Monday, January 10, 2011

Photographic Genius: Meet Julia Margaret Cameron

Over the weekend I got a chance to go to D.C. to visit the National Gallery of Art where I viewed the exhibit The Pre-Raphaelite Lens: British Photography and Painting, 1848-1875 (through January 30, 2011).  For those of you who don't know, the Pre-Raphaelites were a group of English painters, poets, and critics who joined together in 1848 to reform the art world.  These men intensely disliked the changes that artists like Michelangelo and Raphael had brought about in the art world and desired to return to the way things were before Raphael et al. (hence their name, the Pre-Raphaelites).
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The exhibition catalogue
Pre-Raphaelite art is decidedly one of my favorites.  I have always been drawn to their love of nature; their use of of bright, jewel-toned colors; and their drawing of inspiration from Romanticism and Medievalism.  Although the Pre-Raphaelite Brotherhood (as they fashioned themselves) was quite small, being made up of seven men, their circle of influence was quite large.  Some of my favorite artists (John William Waterhouse, William Morris, Edmund Leighton, Edward Burne-Jones, Aubrey Beardsley) were all influenced by the work of this movement.


The exhibit focuses not of the paintings that one typically associates with the Pre-Raphaelites, but with photography.  It's broken up into two parts-- one focusing on landscapes and the other on portraits.  It's an awesome exhibit filled with beautiful photography; if you're in the D.C. area before the end of the month, I definitely recommend stopping by.  You can also view highlights from the exhibit here.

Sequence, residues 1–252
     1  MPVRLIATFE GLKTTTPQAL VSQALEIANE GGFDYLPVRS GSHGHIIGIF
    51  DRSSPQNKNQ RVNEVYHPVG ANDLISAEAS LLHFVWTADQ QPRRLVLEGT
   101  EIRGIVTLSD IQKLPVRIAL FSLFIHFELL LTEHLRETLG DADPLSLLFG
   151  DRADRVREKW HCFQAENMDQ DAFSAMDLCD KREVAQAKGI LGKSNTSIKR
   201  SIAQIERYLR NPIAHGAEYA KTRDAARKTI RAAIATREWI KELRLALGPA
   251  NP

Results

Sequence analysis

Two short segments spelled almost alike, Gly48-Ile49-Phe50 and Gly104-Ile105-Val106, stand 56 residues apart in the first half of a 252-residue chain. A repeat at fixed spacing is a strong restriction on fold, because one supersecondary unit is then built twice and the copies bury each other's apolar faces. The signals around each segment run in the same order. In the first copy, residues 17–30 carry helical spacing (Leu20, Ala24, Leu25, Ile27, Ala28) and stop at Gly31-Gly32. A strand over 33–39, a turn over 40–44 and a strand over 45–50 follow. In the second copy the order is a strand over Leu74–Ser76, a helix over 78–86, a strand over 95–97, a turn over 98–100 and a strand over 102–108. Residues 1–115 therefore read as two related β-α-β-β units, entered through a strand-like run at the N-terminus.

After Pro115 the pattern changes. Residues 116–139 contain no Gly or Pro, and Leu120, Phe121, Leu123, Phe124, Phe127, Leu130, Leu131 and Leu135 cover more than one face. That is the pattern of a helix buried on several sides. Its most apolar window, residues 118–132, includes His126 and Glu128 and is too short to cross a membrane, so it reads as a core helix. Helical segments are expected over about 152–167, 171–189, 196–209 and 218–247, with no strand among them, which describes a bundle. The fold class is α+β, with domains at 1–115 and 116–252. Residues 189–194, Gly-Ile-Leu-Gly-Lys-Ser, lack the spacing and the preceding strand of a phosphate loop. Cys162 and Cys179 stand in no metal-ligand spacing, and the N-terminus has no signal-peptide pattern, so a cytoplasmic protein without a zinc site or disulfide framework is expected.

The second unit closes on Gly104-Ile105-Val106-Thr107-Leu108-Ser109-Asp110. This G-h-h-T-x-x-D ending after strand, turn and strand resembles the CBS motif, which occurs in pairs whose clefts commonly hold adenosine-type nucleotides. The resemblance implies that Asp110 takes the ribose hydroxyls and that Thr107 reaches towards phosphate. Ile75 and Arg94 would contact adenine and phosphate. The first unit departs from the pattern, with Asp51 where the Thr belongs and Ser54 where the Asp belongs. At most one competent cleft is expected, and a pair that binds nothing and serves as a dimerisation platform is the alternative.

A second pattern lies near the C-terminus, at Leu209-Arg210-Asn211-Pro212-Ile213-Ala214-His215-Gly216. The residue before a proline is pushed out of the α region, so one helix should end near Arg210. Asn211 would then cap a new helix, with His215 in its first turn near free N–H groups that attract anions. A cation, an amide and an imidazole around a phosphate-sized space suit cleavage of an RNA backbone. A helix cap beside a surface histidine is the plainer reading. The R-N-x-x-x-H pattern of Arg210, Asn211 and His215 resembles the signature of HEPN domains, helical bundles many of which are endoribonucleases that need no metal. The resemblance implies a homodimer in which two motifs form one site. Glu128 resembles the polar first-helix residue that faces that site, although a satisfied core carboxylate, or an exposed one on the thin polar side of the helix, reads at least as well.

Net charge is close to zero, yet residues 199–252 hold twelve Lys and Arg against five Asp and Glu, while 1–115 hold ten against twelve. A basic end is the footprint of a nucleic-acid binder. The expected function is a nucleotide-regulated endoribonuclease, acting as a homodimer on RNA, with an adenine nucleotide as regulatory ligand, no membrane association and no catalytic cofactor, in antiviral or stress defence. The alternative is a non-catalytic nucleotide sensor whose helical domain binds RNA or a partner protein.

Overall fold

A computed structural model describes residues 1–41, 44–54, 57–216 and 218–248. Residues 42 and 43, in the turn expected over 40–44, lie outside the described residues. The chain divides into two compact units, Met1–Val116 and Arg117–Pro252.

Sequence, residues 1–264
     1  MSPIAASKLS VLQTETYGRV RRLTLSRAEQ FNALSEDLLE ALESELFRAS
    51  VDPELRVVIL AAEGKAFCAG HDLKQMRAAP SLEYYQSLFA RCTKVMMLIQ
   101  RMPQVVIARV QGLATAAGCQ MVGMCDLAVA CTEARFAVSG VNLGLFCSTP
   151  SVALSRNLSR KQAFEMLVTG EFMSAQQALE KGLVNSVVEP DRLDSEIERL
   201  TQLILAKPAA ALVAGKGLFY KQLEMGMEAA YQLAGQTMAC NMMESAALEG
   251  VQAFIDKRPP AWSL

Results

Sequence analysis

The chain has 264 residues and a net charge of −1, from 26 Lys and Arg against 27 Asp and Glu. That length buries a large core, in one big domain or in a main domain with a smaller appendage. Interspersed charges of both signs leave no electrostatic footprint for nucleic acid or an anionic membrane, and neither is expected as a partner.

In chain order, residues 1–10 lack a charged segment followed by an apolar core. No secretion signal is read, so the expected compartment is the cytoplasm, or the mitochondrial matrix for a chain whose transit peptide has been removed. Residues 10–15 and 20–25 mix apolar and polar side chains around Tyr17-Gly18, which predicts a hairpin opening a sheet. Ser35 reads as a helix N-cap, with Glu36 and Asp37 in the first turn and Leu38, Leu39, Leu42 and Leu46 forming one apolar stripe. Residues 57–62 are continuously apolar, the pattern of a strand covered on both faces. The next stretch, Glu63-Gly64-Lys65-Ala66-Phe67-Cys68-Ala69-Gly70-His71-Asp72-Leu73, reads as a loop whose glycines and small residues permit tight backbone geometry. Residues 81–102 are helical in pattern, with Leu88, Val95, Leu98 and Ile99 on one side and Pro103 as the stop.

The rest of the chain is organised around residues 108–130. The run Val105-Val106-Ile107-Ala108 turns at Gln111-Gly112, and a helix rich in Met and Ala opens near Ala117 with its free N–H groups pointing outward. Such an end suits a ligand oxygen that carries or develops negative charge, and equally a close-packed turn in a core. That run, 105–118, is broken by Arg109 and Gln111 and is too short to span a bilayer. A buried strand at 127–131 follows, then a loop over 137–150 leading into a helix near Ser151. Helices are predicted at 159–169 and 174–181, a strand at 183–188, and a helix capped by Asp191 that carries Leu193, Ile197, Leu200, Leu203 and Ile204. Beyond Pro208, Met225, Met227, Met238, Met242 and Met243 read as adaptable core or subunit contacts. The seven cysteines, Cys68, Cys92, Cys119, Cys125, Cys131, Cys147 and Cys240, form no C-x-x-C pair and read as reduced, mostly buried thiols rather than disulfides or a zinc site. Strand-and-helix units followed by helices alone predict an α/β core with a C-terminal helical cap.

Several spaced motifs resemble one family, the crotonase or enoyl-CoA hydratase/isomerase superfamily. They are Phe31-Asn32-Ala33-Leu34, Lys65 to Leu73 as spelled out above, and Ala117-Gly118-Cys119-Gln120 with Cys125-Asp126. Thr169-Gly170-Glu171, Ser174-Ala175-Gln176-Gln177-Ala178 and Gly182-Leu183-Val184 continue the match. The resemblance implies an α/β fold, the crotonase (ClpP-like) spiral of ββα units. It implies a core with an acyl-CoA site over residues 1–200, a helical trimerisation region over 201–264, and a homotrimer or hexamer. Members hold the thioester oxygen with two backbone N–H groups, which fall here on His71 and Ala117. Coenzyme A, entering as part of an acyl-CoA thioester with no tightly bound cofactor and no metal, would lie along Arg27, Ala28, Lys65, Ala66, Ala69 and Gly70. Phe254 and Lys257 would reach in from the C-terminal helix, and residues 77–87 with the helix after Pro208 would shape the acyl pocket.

One of the highlights of the exhibition was the work of a photographer I had previously never heard of, Julia Margaret Cameron.  Her portraits are exquisite, and look so much like what photographers are doing today.  Check out some of her work:
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The Mountain Nymph, Sweet Liberty (1866)
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Gardener's Daughter (1867)
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The Kiss of Peace (c. 1869)
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Julia Jackson (1867) (The mother of Virginia Woolf)
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Two Girls with Umbrella (1864)
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Beatrice (Oct 19, 1870)
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The Princess (1874)
Julia Margaret Cameron is amazing, right? The coolest thing about her is that she did not discover photography until she was 48 years old.  Her daughter gave her a camera as a present with a note attached which read "It may amuse you, Mother, to try to photograph during your solitude at Freshwater."
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Gareth and Lynette (1874)
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Ophelia Study (1867)
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The Shadow of the Cross (1865)
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Come Alice
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Whisper of the Muse
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Sir Galahad and Pale Nun (1874)
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The Echo (1868)
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The Rosebud Garden of Girls (1868)
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Venus Chiding Cupid and Depriving Him of His Wings (1872)
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Iago (1867)
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Marianne North in Mrs Cameron's house in Ceylon (1877)
I have to cut myself off from posting more pictures-- Julia Margaret Cameron has an amazing body of work, and these pictures are just the tip of the iceberg. Go forth and Google!

1 comment:

Valerie said...

She is amazing! I had never heard of her before reading your posts. Thank you!